Initially just after the token sale in late 2017, there was a small but healthy amount of new contract activity of 10-50 new contracts a week, but then later dropped to nearly zero for all of 2018 and the beginning of 2019 as the crypto markets turned bearish with only 1-11 new contracts a week. Growth only began increasing around Chainlink’s mainnet launch in May 2019 where it reached a peak of 199 new contracts a week in 2019. In 2020, new peaks have been made with the highest reaching 357 new contracts a week (a growth of ~32x a week compared to the 2018 dryspell).
It’s important to note this graph only tracks new Chainlink-related contracts and doesn’t take into account current existing contracts using LINK.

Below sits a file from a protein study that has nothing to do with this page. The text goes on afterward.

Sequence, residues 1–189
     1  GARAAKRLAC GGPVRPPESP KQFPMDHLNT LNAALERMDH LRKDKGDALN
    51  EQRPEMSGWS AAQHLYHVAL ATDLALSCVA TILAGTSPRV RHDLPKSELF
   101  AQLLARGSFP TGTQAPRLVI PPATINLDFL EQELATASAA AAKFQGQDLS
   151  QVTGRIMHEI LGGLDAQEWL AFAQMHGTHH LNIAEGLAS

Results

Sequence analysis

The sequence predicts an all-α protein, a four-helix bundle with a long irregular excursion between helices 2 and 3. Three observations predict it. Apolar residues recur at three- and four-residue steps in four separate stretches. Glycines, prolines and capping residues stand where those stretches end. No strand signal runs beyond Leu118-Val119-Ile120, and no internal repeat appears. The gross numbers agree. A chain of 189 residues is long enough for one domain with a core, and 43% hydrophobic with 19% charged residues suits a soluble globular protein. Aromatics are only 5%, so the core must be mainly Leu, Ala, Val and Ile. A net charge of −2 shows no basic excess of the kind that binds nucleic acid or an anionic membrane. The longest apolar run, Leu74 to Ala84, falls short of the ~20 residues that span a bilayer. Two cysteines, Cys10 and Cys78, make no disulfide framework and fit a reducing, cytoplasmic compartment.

Total gas consumption is an interesting metric to track as it shows how much each active Chainlink node spends in ETH each day in order to pay for Ethereum blockspace to ensure their transactions with the requested data get processed and confirmed on-chain in a timely manner. This chart below shows how much ETH was spent on Ethereum transactions during each of the past 26 days. The average gas price paid by these nodes was around 9 Gwei.
The reason for the fluxuations in ETH spent each day is not only due to changes in Ethereum gas prices, but it is also because many oracle networks update not just on a heartbeat schedule (eg every hour) but also on a deviation schedule (eg every 1% change). More volatility in market prices means more oracle updates need to be processed on-chain. This means nodes will get paid more LINK but they will also need to spend more ETH to pay for the gas required to process response transactions. Also, the more ETH spent for a given transaction, the less profit a node earns as more of their LINK payment is used to cover gas expenses.